Last month’s cover story was “fat.” What has that to do with geography, other than some people are skinny, some are large, and they all don’t live in the same place? And obesity turns out to be a pretty slippery subject, given that what is fat today was considered healthy a century ago.
This month it’s global warming, a subject that actually lends itself to quantitative fact‐checking, of which National Geographic apparently did little.
Dispassionate objectivity and virtue are the claims of every lobby. So, on the masthead, editor Bill Allen informs us what’s inside isn’t “science fiction” and “we’re not going to show you waves swamping the Statue of Liberty” (referring to this summer’s ludicrous global warming flick, The Day After Tomorrow). He realizes what’s inside may not jibe with the perceptions of some of us unfortunates who live outside Georgetown, but he “can live with some canceled memberships” to tell what he calls “the biggest story in geography today.”
His masthead essay must have been completed before the final copy came in, because the fourth paragraph of the first article, by Daniel Glick, says the effects of global warming indeed are “like watching the Statue of Liberty melt.”
This massive rhetorical gaffe, unfortunately, is typical. I will start with the first misrepresentation of facts. When I get to this article’s word limit, I’ll still have 75 percent of them left.
It begins with a picture of a flooded rice field in Bangladesh, with the comment that “as global temperatures and sea level climbs [rice farming] becomes an ever more precarious means of support.” In 2001, Cecile Cabanes calculated sea‐level rise for the last half‐century around the world. In Bangladesh, there was a net fall in the 1990s. In the last 50 years, it has risen there an infinitesimal seven‐tenths of an inch, far too little for anyone to notice, in Bangladesh or anywhere else.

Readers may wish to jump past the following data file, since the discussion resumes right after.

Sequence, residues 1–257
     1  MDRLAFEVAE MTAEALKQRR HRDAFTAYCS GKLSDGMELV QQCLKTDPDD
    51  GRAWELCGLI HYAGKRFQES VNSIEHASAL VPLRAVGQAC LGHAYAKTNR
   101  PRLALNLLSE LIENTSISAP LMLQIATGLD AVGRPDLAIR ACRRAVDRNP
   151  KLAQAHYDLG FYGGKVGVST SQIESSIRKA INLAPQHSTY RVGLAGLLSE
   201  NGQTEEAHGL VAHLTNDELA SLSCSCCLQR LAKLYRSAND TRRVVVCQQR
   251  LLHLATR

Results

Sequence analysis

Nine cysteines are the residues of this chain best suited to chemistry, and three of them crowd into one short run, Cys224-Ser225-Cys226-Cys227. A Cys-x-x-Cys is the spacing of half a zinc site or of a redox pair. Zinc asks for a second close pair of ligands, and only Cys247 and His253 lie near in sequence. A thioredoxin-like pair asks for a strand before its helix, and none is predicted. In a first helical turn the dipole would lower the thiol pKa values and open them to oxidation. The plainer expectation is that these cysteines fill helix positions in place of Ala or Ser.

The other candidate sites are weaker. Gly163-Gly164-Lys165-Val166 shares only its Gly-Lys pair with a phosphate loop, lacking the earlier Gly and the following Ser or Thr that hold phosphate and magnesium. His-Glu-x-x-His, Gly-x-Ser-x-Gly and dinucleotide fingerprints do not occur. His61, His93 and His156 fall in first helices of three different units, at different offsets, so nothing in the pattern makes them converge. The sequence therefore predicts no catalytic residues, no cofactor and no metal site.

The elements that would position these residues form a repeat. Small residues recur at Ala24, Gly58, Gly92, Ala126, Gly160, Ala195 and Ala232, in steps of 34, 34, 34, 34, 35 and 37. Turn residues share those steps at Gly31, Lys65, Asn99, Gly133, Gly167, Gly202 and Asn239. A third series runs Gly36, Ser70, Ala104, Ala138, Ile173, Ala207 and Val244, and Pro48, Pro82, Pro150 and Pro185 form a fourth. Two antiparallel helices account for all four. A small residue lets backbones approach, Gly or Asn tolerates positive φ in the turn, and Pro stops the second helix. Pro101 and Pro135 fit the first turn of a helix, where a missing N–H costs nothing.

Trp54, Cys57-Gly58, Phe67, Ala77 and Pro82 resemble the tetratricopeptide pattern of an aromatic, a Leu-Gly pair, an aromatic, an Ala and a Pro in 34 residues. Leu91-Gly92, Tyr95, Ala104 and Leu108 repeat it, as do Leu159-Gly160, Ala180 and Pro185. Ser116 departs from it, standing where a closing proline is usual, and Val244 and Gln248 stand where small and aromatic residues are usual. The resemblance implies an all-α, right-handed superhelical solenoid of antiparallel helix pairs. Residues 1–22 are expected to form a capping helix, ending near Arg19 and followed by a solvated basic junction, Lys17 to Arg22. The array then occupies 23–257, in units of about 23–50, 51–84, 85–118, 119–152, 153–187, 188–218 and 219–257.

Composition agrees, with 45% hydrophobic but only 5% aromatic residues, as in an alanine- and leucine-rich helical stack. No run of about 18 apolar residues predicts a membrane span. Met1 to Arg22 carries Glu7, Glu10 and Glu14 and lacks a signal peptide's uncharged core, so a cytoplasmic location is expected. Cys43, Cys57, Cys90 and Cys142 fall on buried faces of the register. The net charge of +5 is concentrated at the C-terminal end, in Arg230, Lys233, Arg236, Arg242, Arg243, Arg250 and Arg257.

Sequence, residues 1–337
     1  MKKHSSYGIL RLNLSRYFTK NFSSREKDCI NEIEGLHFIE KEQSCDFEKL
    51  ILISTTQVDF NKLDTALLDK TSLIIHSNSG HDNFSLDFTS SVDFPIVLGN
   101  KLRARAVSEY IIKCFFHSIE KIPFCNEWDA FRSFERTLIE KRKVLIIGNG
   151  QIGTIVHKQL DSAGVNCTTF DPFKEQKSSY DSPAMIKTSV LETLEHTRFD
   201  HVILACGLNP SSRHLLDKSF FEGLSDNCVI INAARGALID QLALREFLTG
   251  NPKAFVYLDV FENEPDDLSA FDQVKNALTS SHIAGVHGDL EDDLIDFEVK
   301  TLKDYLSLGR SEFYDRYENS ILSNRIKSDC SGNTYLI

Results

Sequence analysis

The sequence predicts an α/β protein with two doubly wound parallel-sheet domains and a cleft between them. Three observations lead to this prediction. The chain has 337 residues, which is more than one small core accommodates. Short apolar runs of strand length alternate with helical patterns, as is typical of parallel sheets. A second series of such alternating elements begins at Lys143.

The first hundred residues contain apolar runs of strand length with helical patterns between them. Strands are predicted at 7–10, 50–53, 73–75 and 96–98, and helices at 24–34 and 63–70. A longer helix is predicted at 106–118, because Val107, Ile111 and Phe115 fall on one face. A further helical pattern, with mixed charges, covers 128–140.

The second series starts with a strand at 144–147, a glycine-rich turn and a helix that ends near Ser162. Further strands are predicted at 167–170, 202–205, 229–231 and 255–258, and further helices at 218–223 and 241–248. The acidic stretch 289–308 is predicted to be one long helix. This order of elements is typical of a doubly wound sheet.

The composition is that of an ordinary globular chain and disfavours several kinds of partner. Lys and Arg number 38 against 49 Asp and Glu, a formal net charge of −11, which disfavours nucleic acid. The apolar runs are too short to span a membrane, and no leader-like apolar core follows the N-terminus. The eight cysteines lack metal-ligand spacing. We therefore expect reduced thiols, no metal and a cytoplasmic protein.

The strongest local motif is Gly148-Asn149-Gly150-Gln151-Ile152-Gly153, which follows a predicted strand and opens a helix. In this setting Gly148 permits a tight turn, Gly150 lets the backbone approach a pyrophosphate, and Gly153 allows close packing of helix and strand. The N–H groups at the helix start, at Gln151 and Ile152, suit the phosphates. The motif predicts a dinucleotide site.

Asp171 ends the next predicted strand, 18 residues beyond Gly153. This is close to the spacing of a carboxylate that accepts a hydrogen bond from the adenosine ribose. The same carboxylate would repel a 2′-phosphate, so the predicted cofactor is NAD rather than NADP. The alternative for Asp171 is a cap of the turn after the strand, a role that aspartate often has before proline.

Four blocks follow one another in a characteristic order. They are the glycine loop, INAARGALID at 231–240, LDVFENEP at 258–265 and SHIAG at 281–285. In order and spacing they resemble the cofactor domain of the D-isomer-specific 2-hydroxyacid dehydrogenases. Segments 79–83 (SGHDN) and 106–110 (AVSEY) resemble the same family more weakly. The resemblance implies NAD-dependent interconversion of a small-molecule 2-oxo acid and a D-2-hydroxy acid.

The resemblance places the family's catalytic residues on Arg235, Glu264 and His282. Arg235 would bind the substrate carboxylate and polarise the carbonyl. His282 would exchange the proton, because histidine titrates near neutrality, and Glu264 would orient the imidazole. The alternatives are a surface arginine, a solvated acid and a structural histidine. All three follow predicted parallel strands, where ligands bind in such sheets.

People in North Carolina adapt and prosper, living with sea level rises of 12 feet in 10 minutes, or a decent hurricane storm surge. If seven‐tenths of an inch in 50 years is a problem, it’s a social, not a climatic, one.
Two pages later, we read, “Human activity almost certainly drove most of the past century’s warming.” That’s not true either. There were two warming periods in the 20th century — one early and one late — and they were both the same magnitude. There is little dispute the first was “natural,” caused by a warming sun. It occurred before humans could have influenced climate much with industrial emissions.
Speaking of human influence, the next paragraph says “warming may not be gradual.” Yet double‐digit billions of dollars of scientific research comes to this central tendency: Once human warming begins in the atmosphere, it occurs at a constant rate. At least that’s what the average of all of our climate models for the future says.
And, if the warming trend of late 20th‐century temperatures is caused by humans, which is reasonable, that rate has been established. And, indeed, what is remarkable is its constancy and that it is at the absolute low end of computer projections.
The first article starts with the melting of Sperry Glacier, in Montana’s Glacier National Park, saying, “A trailside sign notes that, since 1901, Sperry Glacier has shrunk from more than 800 to 300 acres.” Indeed, it has. And, according to data from the National Climatic data center, which you can download at www.wrcc.dri.edu, summer temperatures averaged over Western Montana show absolutely no warming trend whatsoever in the 20th century. Glaciers melt in the summer.
Next column: “The famed snows of Kilimanjaro have melted more than 80 percent since 1912.” Again, indeed, true. In the “natural” warming of the first part of the 20th century, Kilimanjaro lost 45 percent of its cap. From 1953 through 1976, another 21 percent. That occurred while the planet cooled. Since 1976, in the era of “human” warming, another 12 percent, or the slowest melt rate of the last 100 years. National Geographic forgot to tell us this. Or that from 4,000 to 11,000 years ago it was much warmer in Africa than today, and Kilimanjaro’s cap was much larger than now.
Seven misleading statements in three pages. There are 28 more. When the truth gets this stretched, that’s more than one person’s work. Instead, it’s a process, where scientists tell editors what they want to hear, editors don’t check the facts and, ultimately, we all pay with very bad policies. Unfortunately, it’s all predictable.
Different scientific communities compete with each other for a finite (but large) amount of our tax dollars, and no one ever won out by saying his or her issue was not the world’s most important problem. That makes great copy for Washington’s other lobbies, like the National Geographic Society, now crusading against obesity and global warming.